60 Spanish Art Words for a Colorful Vocabulary
Art soothes the senses, offers peace in troubled times and challenges us to see the world through the eyes of another.
It really is a universal language—so getting some Spanish art words into your conversational skill set is a super idea.
All of these words will be helpful beyond the art world, too. Use them in everyday conversations or in school or office situations—just about anywhere!
Let’s check out all the terms you’ll need to know to chat about art in Spanish like a local!
- Basic Spanish Art Words
- Painting Words
- Sketching Words
- Sculpting Words
- Photography Words
- Art Movements in Spanish
- Bonus Art Words
- How to Practice Spanish Art Words
Basic Spanish Art Words
el estudio (the studio)
exhibición de arte (art exhibit)
pintar (to paint)
los colores (colors)
los colores pastel (pastel colors)
la acuarela (the watercolor)
la pintura al óleo (the oil painting)
el paisaje (the landscape)
paisajismo (landscape painting)
óleo (oil paint)
los pinceles (paint brushes)
el pincel (the brush)
lápiz de color (colored pencil)
dibujar (to draw)
el dibujo (drawing)
el boceto (the sketch)
el aguafuerte (the etching)
la estatua (statue)
la escultura (sculpture)
esculpir (to sculpt)
escultor /escultora (sculptor)
la madera (wood)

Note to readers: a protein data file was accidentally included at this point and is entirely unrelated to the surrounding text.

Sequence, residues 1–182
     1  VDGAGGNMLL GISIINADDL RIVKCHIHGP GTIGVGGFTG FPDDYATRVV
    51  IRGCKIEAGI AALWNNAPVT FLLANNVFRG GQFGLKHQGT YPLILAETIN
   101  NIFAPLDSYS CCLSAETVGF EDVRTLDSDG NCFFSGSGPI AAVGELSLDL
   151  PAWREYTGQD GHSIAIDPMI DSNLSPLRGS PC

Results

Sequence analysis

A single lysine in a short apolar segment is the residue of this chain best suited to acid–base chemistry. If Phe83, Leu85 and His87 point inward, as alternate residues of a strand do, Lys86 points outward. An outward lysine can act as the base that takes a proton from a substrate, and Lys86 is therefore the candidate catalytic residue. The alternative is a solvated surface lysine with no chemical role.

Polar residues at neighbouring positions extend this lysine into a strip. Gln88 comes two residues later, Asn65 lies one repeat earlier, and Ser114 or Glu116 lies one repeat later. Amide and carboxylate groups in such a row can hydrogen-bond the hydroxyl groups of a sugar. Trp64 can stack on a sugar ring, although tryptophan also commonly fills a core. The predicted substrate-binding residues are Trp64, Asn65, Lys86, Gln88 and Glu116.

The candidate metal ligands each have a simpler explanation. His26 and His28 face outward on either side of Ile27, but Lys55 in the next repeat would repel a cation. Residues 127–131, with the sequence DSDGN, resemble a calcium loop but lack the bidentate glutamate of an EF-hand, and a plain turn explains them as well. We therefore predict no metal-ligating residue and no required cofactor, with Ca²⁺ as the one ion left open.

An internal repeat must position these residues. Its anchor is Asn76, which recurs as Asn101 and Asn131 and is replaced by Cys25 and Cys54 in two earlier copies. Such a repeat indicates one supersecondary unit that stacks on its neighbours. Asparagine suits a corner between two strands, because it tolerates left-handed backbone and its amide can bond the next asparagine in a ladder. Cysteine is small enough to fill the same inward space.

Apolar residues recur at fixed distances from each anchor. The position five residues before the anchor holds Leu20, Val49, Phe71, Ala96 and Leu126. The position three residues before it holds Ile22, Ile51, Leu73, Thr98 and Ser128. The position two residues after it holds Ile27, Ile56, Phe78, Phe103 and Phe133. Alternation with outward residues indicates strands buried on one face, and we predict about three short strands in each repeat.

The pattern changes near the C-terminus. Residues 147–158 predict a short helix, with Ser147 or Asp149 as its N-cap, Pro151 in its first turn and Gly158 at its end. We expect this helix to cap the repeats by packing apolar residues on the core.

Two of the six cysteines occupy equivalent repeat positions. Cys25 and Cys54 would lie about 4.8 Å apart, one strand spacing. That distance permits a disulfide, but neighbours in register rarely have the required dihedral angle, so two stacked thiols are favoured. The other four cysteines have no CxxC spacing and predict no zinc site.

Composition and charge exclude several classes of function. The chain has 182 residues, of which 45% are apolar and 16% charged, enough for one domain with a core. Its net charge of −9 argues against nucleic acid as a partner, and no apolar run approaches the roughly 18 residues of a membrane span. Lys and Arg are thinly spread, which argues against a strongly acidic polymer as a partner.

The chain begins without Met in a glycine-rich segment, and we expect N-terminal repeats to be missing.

la piedra (stone)
la arcilla (clay)
blanco y negro (black and white)
papel mate (matte paper)
papel brillo (glossy paper)
fotografía de naturaleza muerta (still life photography)
fotografía de retrato (portrait photography)
fotografía moderna (modern photography)
luz natural (natural light)
tamaño de apertura (aperture size)
Art Movements in Spanish
el movimiento artístico (art movement)
arte abstracto (abstract art)
arte moderno (modern art)
Bonus Art Words
en venta (for sale)
edición limitada (limited edition)
artista desconocido(a) (unknown artist)
artista(o) famoso(a) (famous artist)
colonia de artistas (artist colony)
How to Practice Spanish Art Words
Learning Spanish art words can be fun, but chances are you’ll want to do more than simply study the words and phrases. You’ll want to use them, which is easy if you just incorporate them into your daily conversations.
You’ll probably even want to dig deeper and maybe share your growing art savvy with another who appreciates art as much as you do. Am I right?
It’s a breeze to make that happen!
- Look at art while you run errands. For example, when you’re shopping, stop to admire what’s on the walls in a boutique. Note the medium and, if possible, spend a few minutes chitchatting with whoever is nearby. Chances are, your new Spanish friend will appreciate you sharing your knowledge. Cafes are another great place to observe artwork while you practice your Spanish art vocab—even if it’s just running through the phrases in your head!
- Join a class to practice your Spanish art words and maybe even get your hands messy! That’s right, take an art class in Spanish. Lots of museums, colleges, libraries and social centers offer them. You could learn to sculpt or enjoy photography—and it’s a super great way to use your art words. Get started by exploring art-related groups on Meetup or calling your local library to ask about art classes—oftentimes, these are even free!